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Through the 1990s, violinist Jason Kao Hwang mined an exploration of East Asian music filtered through the improvisatory language of downtown New York. Primarily with his Far East Bandwith Sang Won Park on the stringed ajeng and kayagum and Yukio Tsuji on the flutelike shakuhachi, later augmented by Joe Daley's tubaHwang created an avant-garde take on the immigrant experience, representing the so-called melting pot of New York City with ingredients that still retain their individual flavors.
Hwang and Park are now continuing their exploration of Eastern improv as a duo, having performed at the 2007 Vision Festival and now with their first duo CD. But where the Far East Band had a cross-cultural feel, Local Lingo is distinctly Asiatic and with more of a smear of abstraction. The opening piece, "Listen, is built around a call-and-response, with Hwang stating a slow melody line and Park repeating it, bowing his strings down to a detuned growl.
"Ari Rang is a traditional Korean song (a populist movement is even pushing for it to be made the national anthem) plaintively sung by Park and used as a springboard for delicate variation. Over the course of the five tracks, the duo displays a beautiful restraint, slowly engaging (and disengaging) themes with a remarkable compatibility. While the different tunings and scales of traditional Eastern music can sound alien to Western ears, here the increasingly global language of joint improvisation bridges the divide.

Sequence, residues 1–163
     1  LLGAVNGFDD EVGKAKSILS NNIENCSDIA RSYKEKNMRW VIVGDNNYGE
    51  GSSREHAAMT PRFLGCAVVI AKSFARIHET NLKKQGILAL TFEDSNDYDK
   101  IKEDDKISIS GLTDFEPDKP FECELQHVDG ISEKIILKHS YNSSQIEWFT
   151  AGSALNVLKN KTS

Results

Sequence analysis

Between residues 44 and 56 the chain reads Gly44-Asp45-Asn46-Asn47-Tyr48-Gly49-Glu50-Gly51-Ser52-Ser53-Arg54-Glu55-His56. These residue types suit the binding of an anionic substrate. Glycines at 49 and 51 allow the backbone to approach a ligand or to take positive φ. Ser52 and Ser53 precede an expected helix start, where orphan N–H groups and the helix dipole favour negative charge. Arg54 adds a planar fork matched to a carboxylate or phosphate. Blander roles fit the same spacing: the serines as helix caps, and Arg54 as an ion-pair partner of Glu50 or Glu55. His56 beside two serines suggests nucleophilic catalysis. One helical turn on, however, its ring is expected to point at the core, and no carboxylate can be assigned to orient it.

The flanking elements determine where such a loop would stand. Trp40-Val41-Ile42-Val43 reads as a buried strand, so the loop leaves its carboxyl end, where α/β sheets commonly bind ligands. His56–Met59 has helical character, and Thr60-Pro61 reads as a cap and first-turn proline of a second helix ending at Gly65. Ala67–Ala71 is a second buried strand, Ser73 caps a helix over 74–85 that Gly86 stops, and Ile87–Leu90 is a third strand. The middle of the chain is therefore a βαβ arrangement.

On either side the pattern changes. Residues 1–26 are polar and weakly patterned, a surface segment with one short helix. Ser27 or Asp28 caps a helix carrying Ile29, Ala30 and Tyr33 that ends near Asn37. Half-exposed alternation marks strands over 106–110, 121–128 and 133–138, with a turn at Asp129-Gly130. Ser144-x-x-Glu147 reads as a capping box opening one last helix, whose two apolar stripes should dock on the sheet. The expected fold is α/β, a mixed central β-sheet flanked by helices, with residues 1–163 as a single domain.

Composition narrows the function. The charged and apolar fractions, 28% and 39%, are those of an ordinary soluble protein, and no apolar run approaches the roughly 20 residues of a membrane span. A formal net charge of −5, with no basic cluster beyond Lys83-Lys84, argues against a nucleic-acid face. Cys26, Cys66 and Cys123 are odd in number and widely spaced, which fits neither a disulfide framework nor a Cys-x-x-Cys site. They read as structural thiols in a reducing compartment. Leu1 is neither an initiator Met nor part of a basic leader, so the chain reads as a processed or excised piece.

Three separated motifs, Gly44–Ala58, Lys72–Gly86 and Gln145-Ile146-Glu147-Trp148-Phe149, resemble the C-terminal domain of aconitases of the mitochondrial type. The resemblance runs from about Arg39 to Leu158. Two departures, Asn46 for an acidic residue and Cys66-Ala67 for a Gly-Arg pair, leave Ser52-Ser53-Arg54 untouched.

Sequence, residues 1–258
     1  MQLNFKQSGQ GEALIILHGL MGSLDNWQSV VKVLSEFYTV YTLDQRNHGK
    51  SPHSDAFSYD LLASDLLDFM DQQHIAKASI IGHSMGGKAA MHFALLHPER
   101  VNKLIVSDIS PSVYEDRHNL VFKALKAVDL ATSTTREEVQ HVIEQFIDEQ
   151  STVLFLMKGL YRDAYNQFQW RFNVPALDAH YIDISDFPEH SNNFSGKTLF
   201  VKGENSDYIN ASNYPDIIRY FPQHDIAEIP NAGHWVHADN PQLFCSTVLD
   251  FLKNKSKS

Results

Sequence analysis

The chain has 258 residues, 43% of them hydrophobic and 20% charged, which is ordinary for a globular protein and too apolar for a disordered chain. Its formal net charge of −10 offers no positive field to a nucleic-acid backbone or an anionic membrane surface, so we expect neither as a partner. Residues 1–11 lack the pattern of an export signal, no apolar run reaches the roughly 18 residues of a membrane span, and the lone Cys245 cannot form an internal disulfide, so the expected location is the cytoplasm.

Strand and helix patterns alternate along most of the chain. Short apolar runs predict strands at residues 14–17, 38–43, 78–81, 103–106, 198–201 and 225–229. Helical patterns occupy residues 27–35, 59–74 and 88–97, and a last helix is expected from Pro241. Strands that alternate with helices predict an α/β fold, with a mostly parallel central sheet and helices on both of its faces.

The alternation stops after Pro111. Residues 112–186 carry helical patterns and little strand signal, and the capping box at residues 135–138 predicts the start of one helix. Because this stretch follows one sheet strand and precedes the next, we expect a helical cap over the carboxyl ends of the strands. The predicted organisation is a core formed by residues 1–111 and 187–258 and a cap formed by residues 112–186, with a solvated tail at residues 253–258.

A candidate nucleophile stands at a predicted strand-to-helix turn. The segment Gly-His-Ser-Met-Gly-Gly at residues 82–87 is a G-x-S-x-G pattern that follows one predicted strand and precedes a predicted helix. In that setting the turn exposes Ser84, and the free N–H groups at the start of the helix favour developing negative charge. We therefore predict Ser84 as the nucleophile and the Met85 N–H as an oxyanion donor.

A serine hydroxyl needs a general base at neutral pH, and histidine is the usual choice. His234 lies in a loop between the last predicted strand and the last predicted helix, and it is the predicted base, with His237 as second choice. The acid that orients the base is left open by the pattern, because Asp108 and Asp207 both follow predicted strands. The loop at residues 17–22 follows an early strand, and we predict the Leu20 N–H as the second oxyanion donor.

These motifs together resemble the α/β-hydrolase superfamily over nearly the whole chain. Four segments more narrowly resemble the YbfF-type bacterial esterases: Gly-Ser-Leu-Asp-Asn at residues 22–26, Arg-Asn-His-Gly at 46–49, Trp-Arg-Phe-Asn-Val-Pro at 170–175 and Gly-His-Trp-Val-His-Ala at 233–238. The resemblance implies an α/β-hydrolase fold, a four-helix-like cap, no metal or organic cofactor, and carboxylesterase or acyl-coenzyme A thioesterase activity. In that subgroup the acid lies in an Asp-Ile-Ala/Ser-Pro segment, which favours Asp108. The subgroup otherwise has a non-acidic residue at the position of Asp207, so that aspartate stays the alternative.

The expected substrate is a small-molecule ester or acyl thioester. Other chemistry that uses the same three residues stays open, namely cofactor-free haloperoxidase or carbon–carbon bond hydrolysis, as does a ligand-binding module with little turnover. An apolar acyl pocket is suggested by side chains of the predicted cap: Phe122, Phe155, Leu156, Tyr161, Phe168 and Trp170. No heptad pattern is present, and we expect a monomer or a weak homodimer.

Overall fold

Track Listing: Listen; Ari Rang; Grassy Hills; Third Sight; Embers.
Personnel: Jason Kao Hwang: violin; Sang Won Park: Kayagum, ajeng, voice.
Year Released: 2007
| Record Label: Euonymus Records
| Style: Beyond Jazz
I was first exposed to jazz when I was studying at the University of Puerto Rico. Nearby, I found a little record shop where the music coming from the store (Taller de Jazz Don Pedro) made me stop. I walked down the short stairs and towards the music and learned that the music playing was Clifford Brown and Max Roach
I was first exposed to jazz when I was studying at the University of Puerto Rico. Nearby, I found a little record shop where the music coming from the store (Taller de Jazz Don Pedro) made me stop. I walked down the short stairs and towards the music and learned that the music playing was Clifford Brown and Max Roach. I fell in love with it. I wondered around until the owner (Pedro Soto) asked if I needed help. He then introduced me to John Coltrane, Miles Davis, Gerry Mulligan and the rest is history. I walked out of the store with my first jazz recording: Clifford Brown and Max Roach at Basin Street.